Cynicism sent Jeffrey Tachiki to law school.
He was in an undergraduate class, analyzing a criminal case for an honors seminar on the trial rights of the accused. He told his instructor, criminal defense attorney Ronald Yengich, that the white man who shot four black teens in the 1980s in New York shouldn’t have been acquitted of attempted murder and assault by claiming self-defense. Tachiki recalls feeling embittered—that had a black man shot a bunch of white teens, the result would have been different.
Yengich told Tachiki that he was “too young to be so cynical.” For a final paper, Tachiki was asked to write about why he felt the way he did about the justice system, why, in his words, he felt so cynical. “I had to spend the rest of the term looking at myself and looking at my circumstances. What I discovered is that instead of being resentful about where I grew up—I was born and raised in Utah, non-Mormon, non-white in Utah County no less—I started to think about things that allowed me to say, ‘I may have been [discriminated against] but I’d never want to look at somebody else and judge them because they’re different.’ [I was] really being conscious of biases we all have and being accountable for those biases and consciously making myself fight that all the time.”
That experience of self-reflection, and learning from a lawyer, made him seek a career where he could make a difference. “The idea of justice and the idea of impacting people’s lives individually was interesting, and it called to me.” He graduated from the University of Utah Law School in 2002.
He clerked for Yengich and at another local civil litigation firm during school, and then for Judge John S.W. Lim in the Hawaii State Intermediate Court of Appeals afterward. After moving to San Francisco, he tried civil litigation for a couple of years at a large litigation firm, but hated it. His most difficult and favorite class during law school, basic income tax, made him think about estate planning. So did his time volunteering in a pro se clinic in law school, helping people of lesser means fill out and file divorce paperwork. One client stands out in his memory: “Two months later she came back to the clinic specifically to thank me. It was one of the moments while I was in law school where I really got the fulfillment of what it is we do as lawyers, beyond compensation.”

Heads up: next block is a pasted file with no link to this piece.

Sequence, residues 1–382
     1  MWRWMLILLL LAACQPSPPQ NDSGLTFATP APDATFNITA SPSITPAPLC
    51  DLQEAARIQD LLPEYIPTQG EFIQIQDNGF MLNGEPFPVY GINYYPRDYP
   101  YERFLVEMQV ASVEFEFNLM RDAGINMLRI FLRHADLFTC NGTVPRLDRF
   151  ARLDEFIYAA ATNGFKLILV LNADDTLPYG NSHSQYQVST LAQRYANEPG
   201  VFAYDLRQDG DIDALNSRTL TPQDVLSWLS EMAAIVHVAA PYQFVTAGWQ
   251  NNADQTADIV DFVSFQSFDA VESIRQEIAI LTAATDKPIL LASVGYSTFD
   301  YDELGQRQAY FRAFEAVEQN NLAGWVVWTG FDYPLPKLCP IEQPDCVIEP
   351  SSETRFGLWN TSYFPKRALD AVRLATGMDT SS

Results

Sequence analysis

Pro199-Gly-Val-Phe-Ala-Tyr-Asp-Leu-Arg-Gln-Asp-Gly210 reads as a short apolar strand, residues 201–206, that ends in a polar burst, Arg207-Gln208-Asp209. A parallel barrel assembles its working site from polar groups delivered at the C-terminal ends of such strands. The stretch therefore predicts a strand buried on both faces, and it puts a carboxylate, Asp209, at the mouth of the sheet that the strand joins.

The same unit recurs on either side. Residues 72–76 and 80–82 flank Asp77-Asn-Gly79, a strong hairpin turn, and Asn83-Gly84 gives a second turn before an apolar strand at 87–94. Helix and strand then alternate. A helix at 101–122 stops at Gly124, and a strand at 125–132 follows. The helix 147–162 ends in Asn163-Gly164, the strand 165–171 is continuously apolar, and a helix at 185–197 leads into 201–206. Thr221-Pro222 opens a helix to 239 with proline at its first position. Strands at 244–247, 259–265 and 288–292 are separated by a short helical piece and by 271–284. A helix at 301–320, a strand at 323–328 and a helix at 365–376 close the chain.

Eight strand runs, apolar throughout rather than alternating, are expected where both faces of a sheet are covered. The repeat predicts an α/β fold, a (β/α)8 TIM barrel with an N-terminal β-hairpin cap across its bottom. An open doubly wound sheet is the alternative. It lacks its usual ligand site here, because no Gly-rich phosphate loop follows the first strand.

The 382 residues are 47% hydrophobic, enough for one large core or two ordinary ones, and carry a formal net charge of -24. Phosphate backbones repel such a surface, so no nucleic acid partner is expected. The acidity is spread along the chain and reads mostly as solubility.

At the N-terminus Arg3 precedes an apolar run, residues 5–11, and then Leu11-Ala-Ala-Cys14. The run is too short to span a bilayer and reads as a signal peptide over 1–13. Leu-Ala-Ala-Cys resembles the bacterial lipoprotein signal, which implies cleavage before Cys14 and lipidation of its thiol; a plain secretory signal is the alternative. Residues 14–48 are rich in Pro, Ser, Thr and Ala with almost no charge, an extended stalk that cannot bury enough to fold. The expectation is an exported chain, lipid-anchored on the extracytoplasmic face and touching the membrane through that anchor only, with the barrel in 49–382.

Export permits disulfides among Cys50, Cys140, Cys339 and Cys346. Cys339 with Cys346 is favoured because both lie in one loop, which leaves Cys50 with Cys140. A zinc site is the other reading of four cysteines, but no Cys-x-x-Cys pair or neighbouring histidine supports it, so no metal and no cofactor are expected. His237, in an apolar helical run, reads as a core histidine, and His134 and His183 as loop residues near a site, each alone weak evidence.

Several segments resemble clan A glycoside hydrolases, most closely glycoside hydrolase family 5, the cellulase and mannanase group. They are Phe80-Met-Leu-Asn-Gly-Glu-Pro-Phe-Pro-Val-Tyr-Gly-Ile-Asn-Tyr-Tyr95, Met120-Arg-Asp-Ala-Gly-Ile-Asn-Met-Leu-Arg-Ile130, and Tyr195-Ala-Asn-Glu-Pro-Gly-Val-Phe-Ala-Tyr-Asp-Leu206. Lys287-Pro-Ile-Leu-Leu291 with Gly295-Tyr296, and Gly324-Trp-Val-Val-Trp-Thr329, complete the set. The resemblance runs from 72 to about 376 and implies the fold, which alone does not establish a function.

So he pivoted from civil litigation to estate planning at a couple of boutique firms in the Bay Area. Three years later, Tachiki started his own estate planning firm, in the middle of the Great Recession. After nine years, he was recruited to join his current firm, Perkins Coie, in San Francisco, as Senior Counsel, where he focuses on trust and estate planning and family office services. The pandemic, with its reminders of mortality, and the presidential election, and its attendant policy changes, have only made Tachiki more in demand.
While his experience with litigation focused on the bottom line, Tachiki says his current practice is much more fulfilling and personal. “I really know that I’ve helped someone out at the end of the day when clients tell me they have peace of mind now that there’s a plan in place, or they’ve lost a loved one and I’ve ushered them through this legal mess of their affairs. They say, ‘I never would have been able to do this without you.’ That’s when I know my law school education means something, the time and sweat and effort put in there.”
What also stands out from his time at law school might surprise some: Its diversity: He’s living in a racially and ethnically diverse area, which is great, but it is generally among people who largely share his political beliefs—and it’s a little boring, he says. At school, “People came from so many different backgrounds. There’s obviously the heavy LDS influence there and conservative influence there, in stark contrast to the more progressive nature of a law school,” he says. “It made for a kind of environment where you had to listen to other people’s viewpoints and respect them, even as those viewpoints were often different than your own. It was challenging and fun.”
That’s also the same lesson that led him to law school in the first place.